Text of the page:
• Study found that for people who already had cardiovascular risk factors, including monounsaturated fats in a slightly increased amount could be a primary prevention for cardiovascular disease. Effect of the profile of olive oil and nuts (high in monounsaturated fats) reduces cardiovascular risk factors. Research has found that diets high in monounsaturated fats are low in saturated fat in general; healthier fats are replacing saturated fats in diet (saturated fats have no benefits to heart health).
  • Mediterranean diet which is high in monounsaturated fat (from olive oil and nuts) is also high in fish (rich in polyunsaturated fats which is high in anti-inflammatory omega 3 which lower homocysteine levels). High homocysteine levels seen in cardiovascular disease and omega 3 helps to bring these levels down.
  • Fish also high in protein- increases satiety so you don’t eat as much which helps keep your weight down. Fish coming from Australia is usually safer; mercury found in deep-sea fish, so our fish isn’t too high in it. Just be careful with the frequency of eating fish when pregnant for mercury.
  • Tinned sardines is cheap and a great source of omega 3!

 

Healthy heart questions;

  • Strategies to reduce sitting time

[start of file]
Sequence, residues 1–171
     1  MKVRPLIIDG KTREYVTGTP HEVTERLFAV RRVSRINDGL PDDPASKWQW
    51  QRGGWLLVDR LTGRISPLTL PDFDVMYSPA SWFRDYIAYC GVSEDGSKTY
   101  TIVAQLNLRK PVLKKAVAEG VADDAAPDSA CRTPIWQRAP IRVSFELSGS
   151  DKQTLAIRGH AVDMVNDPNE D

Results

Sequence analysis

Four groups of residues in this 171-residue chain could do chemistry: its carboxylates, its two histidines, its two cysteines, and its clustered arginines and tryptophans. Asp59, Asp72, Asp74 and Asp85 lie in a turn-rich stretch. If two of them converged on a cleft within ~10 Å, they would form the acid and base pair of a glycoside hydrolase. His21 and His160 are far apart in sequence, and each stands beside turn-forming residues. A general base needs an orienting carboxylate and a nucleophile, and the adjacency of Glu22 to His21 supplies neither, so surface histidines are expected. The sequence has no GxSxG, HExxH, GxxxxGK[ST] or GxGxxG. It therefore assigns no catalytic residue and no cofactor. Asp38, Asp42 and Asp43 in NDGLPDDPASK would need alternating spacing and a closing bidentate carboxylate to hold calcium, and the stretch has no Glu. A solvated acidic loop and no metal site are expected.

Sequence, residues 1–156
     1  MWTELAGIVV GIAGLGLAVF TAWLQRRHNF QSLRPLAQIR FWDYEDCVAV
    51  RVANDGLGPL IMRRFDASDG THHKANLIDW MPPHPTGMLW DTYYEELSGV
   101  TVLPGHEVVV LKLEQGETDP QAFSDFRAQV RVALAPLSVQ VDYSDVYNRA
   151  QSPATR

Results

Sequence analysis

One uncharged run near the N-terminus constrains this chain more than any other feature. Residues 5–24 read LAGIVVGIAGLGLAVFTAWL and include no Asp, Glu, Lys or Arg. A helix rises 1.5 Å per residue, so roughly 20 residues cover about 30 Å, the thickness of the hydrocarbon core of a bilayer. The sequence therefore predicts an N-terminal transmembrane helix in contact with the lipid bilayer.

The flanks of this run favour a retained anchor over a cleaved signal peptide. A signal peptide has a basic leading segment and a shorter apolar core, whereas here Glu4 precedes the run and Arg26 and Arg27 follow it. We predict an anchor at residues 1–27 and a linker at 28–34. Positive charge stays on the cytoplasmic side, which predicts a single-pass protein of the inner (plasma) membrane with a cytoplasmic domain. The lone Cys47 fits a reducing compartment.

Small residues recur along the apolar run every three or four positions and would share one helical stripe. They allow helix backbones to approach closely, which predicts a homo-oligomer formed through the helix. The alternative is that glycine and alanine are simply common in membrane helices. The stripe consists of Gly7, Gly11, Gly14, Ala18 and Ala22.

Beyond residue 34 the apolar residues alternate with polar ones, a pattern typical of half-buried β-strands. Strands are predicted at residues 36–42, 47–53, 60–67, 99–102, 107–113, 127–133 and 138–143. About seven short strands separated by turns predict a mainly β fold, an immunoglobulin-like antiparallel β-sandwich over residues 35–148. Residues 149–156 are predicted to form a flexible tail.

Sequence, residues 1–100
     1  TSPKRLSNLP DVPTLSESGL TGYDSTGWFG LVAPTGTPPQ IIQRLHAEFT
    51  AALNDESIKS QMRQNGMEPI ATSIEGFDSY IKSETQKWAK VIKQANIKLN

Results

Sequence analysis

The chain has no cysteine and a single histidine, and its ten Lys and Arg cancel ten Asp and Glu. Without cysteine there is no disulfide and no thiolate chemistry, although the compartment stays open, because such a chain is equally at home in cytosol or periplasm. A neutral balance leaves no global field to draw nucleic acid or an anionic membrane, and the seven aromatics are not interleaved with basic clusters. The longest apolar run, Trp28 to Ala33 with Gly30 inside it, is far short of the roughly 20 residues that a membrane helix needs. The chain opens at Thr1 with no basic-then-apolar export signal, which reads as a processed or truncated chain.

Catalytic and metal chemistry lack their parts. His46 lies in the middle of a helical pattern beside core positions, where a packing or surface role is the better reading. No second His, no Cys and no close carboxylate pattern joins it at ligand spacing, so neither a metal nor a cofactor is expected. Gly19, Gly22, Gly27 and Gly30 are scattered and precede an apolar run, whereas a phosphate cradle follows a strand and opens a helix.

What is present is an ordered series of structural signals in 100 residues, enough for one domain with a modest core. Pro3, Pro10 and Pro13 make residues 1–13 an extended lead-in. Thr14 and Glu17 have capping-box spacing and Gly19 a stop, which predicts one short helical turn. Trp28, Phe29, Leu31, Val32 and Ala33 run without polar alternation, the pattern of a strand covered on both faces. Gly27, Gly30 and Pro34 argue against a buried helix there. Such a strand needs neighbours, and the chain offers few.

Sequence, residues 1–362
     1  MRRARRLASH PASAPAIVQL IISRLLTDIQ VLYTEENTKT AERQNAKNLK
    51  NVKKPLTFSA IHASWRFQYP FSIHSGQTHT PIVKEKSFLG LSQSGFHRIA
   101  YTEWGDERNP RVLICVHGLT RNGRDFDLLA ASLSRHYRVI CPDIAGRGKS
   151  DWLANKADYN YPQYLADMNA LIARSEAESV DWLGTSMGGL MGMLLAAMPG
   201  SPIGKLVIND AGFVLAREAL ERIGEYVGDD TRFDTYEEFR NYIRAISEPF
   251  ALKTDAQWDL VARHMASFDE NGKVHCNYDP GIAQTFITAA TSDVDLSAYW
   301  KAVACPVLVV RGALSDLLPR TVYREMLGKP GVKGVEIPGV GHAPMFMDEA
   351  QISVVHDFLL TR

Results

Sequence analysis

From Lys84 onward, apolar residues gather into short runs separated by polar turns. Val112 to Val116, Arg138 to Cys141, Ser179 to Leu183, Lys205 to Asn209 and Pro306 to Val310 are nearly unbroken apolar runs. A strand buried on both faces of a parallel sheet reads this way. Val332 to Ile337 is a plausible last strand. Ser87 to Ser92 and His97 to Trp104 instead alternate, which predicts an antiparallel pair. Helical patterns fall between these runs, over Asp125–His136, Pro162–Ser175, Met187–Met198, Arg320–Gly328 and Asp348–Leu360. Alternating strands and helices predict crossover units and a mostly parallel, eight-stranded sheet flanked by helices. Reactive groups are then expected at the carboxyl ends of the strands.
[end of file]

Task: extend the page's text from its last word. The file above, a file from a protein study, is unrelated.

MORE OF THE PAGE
-Rely less on technology; get up when you can and visit other people’s desks instead of sending emails or making phone calls. Make excuses to get up from your desk more.

-Use a fit ball at your desk, as you’ll move around more on it. Get a standing desk at work. Introduce the idea of walking meetings with colleagues.

-Stand up and walk around when you get a phone call.

-For people studying: set an alarm while you’re studying- when it goes off (e.g. every hour) get up and move around! Having exercise breaks during studying helps clear your head and study more effectively!

  • People are saying butter and fat is now good for us? Does that mean we should eat more of it?

Too much of anything is never good for us; it’s all about moderation! There are no reductions in cardiovascular disease risk associated with saturated fat. We can’t eat copious amounts of saturated fat- it’s an energy dense molecule so eating too much of it can lead to weight gain. Replacing saturated fat with unsaturated fatty acids (poly- and monounsaturated: fatty fish, nuts, seeds, avocado, olive oil) shown to increase attractiveness of lipid profile in body- we need a certain amount of fat in blood. Want to make sure you have a higher portion of good cholesterol (HDL cholesterol) which is like pacman- goes around in your blood to eat up the LDL cholesterol (bad or lethal). Increasing the amount of polyunsaturated builds HDL and decreases LDL levels. If you have a genetic predisposition to cardiovascular disease then this is really important. Dietary guidelines allow approximately 30% of energy from fat- why make it up with fat that’s not going to benefit your health (saturated); why not make it up with fat that will benefit your body?